Emigrating to Spain as an American Family – 7 Tips to Make the Journey Easier

Emigrating to Spain

Emigrating to Spain — or any other foreign country — will be one of the most formative experiences your children’s lives. And yours too!

Yet, as with any new adventure, emigrating to Spain will present hoops to jump through. Beyond getting the required visas and managing the international relocation practicalities that any expat will face, emigrating to Spain as an American family will demand much more from you in terms of research and planning.

You need to manage your children’s social, emotional, and educational well being to help them adapt to their new language and culture.

Follow these tips to ease the transition to make emigrating to Spain as an American family an unforgettable experience for everyone. 

1. Educate yourself as much as possible in advance. I prefer spontaneity to preset plans in just about any life scenario. Travel especially. Winging your way to a new life abroad may work great if you’re flying solo or with your significant other. But not with children in tow. Research, investigate, and humble yourself to ask all the questions you might otherwise think are too dumb to ask, because they’re not. Expats love to help other expats so dig into expat oriented websites, forums and meetup groups. Don’t be shy. Facebook groups, and personal blogs of other American expat families who’ve moved to Spain are some of your best sources of real life, first hand information from people and parents who’ve really been there. 

2. A little paid guidance with the right consultant will save you money, time and a whole lot of unnecessary hassle. This will be especially true if you’ve never lived in Spain before or have never relocated internationally. One look at those visa application forms and you’ll find all sorts of terminology you’ve likely never encountered before. Apostille of the Hague and International Health Regulations of 2005… Anyone? Anyone? And all those mundane realities of day to day living — opening a bank account as a foreign national, signing housing contracts, buying internet and local mobile phone service — will all take place in Spanish. The right visa and relocation specialist will help you tick off that to do list quickly and correctly, help you find housing, advise you on local schools and so much more. The sooner your day to day life is up and running efficiently, the more quickly you’ll be able to relax and enjoy your new family life in Spain together. Your children will tune into that relaxation and feel more settled and more secure as well.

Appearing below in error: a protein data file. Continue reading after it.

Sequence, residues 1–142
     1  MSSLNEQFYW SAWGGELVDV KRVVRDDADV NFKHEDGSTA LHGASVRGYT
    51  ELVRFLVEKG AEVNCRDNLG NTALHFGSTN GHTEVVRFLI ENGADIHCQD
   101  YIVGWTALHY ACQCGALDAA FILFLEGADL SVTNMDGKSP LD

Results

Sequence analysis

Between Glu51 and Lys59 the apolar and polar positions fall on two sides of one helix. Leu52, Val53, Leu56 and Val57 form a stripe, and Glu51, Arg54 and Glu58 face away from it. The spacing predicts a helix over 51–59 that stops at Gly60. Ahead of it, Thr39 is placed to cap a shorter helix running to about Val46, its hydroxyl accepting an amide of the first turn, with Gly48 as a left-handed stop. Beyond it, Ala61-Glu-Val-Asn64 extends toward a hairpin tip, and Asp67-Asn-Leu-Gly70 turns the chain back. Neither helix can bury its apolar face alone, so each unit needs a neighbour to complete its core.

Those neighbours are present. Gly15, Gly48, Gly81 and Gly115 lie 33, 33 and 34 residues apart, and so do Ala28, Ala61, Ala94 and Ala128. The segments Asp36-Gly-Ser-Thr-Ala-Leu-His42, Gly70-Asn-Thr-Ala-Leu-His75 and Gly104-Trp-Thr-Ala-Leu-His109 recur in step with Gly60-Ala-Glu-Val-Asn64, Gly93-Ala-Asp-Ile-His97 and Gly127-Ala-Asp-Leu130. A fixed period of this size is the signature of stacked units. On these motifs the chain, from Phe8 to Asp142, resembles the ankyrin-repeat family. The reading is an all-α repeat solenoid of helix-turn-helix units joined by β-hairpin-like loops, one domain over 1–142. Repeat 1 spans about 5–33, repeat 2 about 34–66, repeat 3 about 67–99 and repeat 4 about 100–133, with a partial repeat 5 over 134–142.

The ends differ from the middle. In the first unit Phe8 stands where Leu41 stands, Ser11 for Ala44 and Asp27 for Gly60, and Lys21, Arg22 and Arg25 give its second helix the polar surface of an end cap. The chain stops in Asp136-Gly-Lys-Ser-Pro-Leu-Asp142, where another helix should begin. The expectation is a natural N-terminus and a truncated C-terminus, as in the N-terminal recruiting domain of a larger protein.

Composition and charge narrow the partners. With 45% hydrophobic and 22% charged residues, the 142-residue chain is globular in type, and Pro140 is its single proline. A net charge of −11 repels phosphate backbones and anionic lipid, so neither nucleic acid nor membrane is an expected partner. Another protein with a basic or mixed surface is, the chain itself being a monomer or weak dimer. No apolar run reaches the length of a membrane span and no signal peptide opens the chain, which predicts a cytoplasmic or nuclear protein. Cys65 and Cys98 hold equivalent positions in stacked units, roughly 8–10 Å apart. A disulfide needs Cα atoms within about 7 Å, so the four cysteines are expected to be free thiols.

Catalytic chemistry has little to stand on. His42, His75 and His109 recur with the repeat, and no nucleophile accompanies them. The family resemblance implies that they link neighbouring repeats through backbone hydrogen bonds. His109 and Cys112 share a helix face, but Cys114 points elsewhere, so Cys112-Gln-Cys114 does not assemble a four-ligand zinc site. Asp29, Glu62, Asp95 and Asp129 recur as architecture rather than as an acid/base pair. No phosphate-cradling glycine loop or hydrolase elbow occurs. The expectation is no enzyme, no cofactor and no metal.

3. Choose your children’s school in Spain wisely. Hint: Evaluating schools in a foreign country compared to schools in your home nation demands you consider factors far beyond mere academic offerings, campus facilities and schoolday schedules. This will be especially true if you’re children will be arriving in Spain with little to no Spanish, or if you’ll be moving to a place with no personal ties before you arrive. For more information on the topic of expat education and choosing a school overseas, including a list of detailed questions to ask specific schools, download Family Move Abroad’s free guide to Your Child’s Expat Education.

4. Build support networks from the start. Let go of your pride and be willing to reach out to strangers for questions and guidance. Ask your child’s school if they might pair you with a “buddy parent” — someone who doesn’t mind you calling them to ask questions. Lots of questions. A solid list of recommendations of the best grocery stores, hair salons, local events and a good pediatrician will make life easier when you’re brand new to a city and know absolutely nothing. Find ways to start meeting people and make new friends, both for you as parents and for your kids. Join a gym. Enroll your kid in an art class or basketball team. Sign up at a local co-working space. Certainly, many of those initial people you meet will remain simple acquaintances. But in time, some of those folks just might become lifelong friends. The sooner your kids start getting those birthday party invites, the sooner you and your spouse are asked by some locals to join them at the bodega for an afternoon “copa”, the less you’ll all feel like strangers.